(out of 5)
Fictionalized biography of composer Johann Strauss that happily admits to being a pure invention. Regardless of this silliness, the film is a sumptuous treat, highly entertaining and gorgeously shot and scored. Strauss (Fernand Gravey) leaves his job at the bank to compose the waltzes he’s had in his heart his whole life, marrying his childhood sweetheart (Luise Rainer) and becoming a grand success. He is given the patronage, and later the romantic attentions of, a grand diva opera singer (Miliza Korjus) who steals his heart and convinces him to run away with her despite the devotion that his lovely wife gives him. The plot is sheer fluff, romantic drivel that works only because of the graceful direction by Julien Duvivier, who shoots the entire thing with the kind of beauty that you’d expect from Max Ophuls or Ernst Lubitsch. Rainer’s performance is wispy and silly, but her final scene with Korjus is so incredibly heartfelt that you’ll feel for her anyway, while Korjus steals the show with her adorable smile and gorgeous singing. Oscar Hammerstein II wrote the lyrics for the melodies by the composer that are included here.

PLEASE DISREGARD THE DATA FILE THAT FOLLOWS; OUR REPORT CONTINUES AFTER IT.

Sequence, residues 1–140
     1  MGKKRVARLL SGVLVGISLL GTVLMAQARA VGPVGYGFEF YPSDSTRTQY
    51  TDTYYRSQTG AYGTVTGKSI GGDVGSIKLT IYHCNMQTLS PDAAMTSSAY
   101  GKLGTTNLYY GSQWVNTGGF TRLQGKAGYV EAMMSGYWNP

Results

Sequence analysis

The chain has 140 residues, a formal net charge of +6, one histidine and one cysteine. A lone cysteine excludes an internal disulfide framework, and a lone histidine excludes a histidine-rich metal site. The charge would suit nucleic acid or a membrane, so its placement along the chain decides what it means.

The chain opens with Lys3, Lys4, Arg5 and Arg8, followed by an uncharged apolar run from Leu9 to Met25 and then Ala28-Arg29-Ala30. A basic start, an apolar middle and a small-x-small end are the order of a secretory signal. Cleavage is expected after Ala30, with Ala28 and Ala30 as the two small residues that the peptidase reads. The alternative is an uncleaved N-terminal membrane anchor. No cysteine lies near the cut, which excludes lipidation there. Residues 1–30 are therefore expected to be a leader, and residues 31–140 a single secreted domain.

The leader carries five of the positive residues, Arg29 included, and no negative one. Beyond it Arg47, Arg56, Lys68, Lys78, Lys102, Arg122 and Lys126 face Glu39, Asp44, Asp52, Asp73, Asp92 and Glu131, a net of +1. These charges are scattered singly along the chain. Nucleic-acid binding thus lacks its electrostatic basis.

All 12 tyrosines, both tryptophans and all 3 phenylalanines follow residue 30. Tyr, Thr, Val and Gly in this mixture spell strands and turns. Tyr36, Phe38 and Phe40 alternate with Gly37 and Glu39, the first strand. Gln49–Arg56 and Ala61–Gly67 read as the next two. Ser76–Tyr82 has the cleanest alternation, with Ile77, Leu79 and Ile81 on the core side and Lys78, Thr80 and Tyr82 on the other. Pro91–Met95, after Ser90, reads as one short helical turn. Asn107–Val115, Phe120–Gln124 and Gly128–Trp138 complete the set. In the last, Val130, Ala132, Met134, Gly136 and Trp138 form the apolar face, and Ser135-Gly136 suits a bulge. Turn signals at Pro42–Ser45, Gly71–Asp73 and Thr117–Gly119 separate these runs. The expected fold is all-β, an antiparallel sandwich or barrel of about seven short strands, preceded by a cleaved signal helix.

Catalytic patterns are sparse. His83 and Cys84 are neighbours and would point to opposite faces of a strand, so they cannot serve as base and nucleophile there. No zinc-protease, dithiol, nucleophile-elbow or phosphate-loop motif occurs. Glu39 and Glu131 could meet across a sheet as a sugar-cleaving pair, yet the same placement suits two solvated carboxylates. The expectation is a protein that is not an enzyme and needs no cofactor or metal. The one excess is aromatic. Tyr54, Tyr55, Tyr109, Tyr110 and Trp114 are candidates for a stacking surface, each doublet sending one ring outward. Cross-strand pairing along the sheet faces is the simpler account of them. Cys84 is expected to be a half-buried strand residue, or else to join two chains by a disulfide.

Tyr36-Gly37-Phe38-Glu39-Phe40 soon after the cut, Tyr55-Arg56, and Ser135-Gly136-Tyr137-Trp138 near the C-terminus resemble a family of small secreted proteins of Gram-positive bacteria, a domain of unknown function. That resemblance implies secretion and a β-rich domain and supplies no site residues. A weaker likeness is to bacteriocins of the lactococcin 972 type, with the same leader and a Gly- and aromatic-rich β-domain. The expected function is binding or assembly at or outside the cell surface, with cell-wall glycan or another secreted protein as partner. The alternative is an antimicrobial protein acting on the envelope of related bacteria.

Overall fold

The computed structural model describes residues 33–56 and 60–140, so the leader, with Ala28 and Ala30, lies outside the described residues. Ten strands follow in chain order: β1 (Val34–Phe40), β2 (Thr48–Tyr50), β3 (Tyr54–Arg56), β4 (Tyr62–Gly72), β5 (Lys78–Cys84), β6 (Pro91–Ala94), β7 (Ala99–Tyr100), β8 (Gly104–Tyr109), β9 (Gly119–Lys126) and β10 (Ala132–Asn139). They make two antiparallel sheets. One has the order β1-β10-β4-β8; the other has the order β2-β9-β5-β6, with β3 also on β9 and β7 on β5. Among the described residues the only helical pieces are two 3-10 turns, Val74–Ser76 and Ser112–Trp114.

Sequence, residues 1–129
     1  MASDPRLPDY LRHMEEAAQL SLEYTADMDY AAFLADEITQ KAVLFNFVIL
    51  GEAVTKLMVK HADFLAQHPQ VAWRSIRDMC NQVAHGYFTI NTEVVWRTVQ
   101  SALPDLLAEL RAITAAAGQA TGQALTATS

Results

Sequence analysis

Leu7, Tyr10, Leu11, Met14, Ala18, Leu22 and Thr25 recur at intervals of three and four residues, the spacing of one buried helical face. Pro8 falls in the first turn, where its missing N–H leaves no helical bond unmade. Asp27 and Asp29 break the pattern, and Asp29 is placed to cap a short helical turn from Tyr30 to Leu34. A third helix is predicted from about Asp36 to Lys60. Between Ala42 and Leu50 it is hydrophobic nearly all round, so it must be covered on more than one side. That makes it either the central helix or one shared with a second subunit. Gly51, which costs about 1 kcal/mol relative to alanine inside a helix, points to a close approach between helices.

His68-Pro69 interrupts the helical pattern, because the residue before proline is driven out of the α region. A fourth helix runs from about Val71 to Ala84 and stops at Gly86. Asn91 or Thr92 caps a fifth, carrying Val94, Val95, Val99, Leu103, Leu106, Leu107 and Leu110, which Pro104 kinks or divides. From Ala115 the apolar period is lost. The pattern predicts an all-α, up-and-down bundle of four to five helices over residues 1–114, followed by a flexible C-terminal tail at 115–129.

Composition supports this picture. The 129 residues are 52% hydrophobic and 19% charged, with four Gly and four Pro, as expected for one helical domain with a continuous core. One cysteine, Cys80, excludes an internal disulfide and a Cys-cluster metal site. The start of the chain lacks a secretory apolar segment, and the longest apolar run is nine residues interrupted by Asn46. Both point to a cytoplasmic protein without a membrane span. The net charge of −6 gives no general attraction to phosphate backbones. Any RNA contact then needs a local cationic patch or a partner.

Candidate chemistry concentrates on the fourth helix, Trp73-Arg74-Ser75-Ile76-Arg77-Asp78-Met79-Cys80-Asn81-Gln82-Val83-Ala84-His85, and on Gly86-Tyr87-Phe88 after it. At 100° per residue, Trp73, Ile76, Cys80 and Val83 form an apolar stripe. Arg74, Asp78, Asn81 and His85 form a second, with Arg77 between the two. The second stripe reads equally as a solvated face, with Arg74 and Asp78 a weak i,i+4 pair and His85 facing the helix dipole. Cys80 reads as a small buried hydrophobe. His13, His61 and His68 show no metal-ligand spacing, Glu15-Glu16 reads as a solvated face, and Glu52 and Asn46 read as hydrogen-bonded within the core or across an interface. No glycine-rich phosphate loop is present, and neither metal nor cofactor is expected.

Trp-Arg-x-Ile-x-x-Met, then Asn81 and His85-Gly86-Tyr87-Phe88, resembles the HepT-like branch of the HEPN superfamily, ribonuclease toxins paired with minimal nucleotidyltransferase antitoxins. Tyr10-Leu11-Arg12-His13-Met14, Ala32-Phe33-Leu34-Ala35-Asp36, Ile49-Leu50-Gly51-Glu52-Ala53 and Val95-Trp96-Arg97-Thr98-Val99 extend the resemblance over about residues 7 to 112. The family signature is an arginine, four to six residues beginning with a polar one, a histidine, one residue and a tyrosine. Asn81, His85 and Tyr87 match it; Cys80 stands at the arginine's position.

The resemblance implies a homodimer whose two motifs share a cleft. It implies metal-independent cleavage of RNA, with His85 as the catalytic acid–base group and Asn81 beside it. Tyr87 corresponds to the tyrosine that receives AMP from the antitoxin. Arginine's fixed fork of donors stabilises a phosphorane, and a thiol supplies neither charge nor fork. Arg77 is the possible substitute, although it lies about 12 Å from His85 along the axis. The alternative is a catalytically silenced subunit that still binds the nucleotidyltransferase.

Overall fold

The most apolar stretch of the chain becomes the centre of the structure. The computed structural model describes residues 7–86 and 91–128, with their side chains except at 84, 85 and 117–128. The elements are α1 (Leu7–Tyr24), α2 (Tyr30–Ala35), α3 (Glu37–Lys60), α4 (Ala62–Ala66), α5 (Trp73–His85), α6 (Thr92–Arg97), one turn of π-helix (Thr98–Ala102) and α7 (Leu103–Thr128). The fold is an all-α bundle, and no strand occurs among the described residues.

Directed by Julien Duvivier
Cinematography by Joseph Ruttenberg
Produced by Bernard H. Hyman
Production Design by Cedric Gibbons
Costume Design by Adrian
Film Editing by Tom Held